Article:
If so, I saw it once - ok movie but definitely not Clint's best.

Now, having one of the movie guns - that's definitely off the charts - congrats!

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Old 09-10-2011, 08:31 PM
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Quote:
Originally Posted by FTG-05 View Post
Is that the Eastwood movie where he got a heart from an executed female victim, then later got involved with the victim's sister? I *think* the bad guy was nicknamed "nonone" and was.... Jeff Daniels?
That's the one.

The original "Bloodwork" gun was a short-issue model. About a year ago the company reintroduced this gun as a Performance Center 627-5 with 2-5/8" barrel and the internal lock; it has sold a bundle. I bought one one used (but the next best thing to new) and have another one on order. As I write this it is my favorite N-frame, and that is just because I could shoot it so well. I even got slightly tighter groups than with the prewar and transitional .38/44 Outdoorsman models that had been my favorite Ns. They now have competition for my affection at the top of the heap.
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Old 09-11-2011, 09:08 AM
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Yep, Eastwood's character in 'Blood Work' was not a good example of a marksman with the 'UDR' ('Ultimate Defense Revolver' - ad hype.) gun. The original release - in 1999 - was 312 units - and they didn't sell well until the movie was released in 2002. I recall the ads - and wanted one. It's original MSRP of $1199 put me off. Their value increased - to over $3k two years ago - then S&W re-released it - with the US-made grey plastic PC case instead of the China-made plastic/aluminum PC case - same mostly poor-fitting Eagle boot grips, too. Add the IL - and drop the initial MSRP to $1,185 - and to $1,049 today.

I bought my first one 4/2010 - for most of a kilobuck. Great revolver - handily belied the short barrel's assumed accuracy - it really is accurate - and became my favorite shooting firearm. By 10/2010 I had convinced myself that another UDR was better than the 327NG for a home defender, especially after finding out that the NG version wasn't moonclip ready, like the UDR. That one was a lot less, too. Yep, I have two 'duplicate' revolver sets - two 625MG's in .45 Colt and, for almost a year, two 2 5/8" PC627 UDR's! I understand 'needing' two...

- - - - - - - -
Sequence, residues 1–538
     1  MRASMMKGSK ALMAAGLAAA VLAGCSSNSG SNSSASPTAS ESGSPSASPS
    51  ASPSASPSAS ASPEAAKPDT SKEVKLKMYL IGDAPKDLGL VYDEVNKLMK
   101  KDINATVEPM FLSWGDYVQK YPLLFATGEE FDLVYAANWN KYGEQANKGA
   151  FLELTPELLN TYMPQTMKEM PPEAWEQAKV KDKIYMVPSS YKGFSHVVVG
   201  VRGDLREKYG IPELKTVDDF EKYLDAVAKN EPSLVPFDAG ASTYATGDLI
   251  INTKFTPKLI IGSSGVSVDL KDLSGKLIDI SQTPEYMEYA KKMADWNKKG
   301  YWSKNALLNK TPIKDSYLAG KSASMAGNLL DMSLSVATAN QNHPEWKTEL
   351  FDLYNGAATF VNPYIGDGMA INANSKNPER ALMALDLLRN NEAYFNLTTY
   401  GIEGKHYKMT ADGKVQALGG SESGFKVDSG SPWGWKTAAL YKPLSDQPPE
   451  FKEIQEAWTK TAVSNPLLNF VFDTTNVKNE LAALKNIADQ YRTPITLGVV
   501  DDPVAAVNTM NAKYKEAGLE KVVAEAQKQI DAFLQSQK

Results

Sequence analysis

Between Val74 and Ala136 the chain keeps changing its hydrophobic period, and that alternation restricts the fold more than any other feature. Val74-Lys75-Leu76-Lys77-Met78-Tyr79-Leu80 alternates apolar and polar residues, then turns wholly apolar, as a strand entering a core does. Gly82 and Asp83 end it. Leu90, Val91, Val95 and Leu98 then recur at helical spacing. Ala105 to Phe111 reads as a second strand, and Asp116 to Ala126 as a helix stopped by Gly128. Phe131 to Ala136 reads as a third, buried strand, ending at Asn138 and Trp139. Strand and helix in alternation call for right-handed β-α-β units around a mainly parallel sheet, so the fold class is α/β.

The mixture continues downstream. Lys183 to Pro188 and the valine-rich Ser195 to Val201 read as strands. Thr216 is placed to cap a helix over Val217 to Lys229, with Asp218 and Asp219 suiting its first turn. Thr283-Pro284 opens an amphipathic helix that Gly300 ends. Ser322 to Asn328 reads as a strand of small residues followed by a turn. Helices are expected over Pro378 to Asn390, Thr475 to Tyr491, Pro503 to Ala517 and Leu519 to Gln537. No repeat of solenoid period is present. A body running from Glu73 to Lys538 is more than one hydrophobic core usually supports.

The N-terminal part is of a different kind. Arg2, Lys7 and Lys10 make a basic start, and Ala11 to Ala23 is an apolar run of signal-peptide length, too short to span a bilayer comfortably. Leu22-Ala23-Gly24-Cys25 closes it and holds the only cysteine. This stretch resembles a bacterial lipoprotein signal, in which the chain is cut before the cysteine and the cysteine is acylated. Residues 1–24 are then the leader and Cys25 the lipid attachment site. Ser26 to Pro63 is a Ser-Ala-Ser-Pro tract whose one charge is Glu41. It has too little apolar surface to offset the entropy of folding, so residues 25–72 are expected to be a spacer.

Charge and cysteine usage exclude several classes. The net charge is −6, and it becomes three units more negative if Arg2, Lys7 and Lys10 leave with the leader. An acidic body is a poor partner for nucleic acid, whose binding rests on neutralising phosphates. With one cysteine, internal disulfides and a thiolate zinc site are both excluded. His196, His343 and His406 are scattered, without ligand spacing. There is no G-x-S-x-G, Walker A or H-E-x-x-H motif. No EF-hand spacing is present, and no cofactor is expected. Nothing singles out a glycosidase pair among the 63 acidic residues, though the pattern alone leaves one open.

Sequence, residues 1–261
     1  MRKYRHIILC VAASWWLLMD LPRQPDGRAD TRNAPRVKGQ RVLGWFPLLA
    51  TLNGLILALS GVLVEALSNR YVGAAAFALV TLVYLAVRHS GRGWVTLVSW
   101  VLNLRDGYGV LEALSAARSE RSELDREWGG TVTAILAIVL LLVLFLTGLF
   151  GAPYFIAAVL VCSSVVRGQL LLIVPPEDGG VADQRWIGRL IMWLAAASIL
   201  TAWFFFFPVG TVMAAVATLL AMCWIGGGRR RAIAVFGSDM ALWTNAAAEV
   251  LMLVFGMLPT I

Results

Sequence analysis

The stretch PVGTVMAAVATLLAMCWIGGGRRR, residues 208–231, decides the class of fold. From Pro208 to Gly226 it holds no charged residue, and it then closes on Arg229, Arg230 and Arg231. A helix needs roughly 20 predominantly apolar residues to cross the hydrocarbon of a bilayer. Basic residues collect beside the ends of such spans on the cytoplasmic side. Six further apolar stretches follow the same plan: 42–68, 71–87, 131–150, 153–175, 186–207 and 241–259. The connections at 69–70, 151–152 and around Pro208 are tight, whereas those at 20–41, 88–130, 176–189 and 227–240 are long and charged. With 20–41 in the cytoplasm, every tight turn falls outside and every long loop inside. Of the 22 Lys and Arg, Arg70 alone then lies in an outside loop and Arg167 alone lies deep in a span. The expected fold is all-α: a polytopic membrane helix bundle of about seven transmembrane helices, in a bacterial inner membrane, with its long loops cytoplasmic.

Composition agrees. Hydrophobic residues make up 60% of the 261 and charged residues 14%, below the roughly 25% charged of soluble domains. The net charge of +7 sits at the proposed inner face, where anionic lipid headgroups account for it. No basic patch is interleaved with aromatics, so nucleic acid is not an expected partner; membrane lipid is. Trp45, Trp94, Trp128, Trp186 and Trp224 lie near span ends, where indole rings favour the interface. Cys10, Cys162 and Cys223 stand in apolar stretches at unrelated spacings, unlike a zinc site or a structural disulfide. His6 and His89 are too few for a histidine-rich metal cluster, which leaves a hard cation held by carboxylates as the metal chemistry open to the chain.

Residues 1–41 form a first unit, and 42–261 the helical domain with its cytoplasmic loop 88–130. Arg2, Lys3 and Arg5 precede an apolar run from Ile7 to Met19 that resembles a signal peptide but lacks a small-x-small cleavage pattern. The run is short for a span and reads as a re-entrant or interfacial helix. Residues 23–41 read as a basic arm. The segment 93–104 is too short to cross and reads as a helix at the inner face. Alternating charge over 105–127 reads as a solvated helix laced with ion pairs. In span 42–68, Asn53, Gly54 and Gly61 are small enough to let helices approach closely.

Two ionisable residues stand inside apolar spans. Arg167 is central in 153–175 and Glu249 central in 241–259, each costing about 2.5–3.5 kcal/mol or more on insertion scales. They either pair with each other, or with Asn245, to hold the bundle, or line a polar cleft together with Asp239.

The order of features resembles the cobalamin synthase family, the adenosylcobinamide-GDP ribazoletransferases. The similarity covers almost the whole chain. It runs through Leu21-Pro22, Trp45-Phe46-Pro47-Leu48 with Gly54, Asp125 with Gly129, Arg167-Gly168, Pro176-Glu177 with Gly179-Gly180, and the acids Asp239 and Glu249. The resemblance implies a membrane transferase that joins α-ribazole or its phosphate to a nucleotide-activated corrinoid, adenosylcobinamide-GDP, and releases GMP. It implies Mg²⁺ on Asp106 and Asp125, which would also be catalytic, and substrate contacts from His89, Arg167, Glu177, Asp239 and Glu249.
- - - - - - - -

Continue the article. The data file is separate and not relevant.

Stainz

PS Since one 'never knows' these days, I felt the need for something 'extra' over the last five days on our Gulf Coast, having arrived back home last night. I carried a UDR and eight moonclips of +P 158gr LHPSWC's along with my 642 pocket protector.
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Old 10-01-2011, 04:44 AM
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Personally I think Clint NEVER should have use a 357 in any of his movies...

I cannot remember the name of the one where they shot up the house, I think he used a 2.5" Mod66, but also in Blood work, he should have used a short barreled 44 Mag...

After ALL he has HIS Image to up hold...
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Old 10-01-2011, 09:20 AM
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The house killing flick was The Gauntlet. They killed a Greyhound bus at the end, too.
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Old 10-01-2011, 09:41 AM
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Say's everything right there on the box. "Two thumbs up!"
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327, 627, 642, 650, bloodwork, colt, lock, n-frame, outdoorsman, performance center, prewar, recessed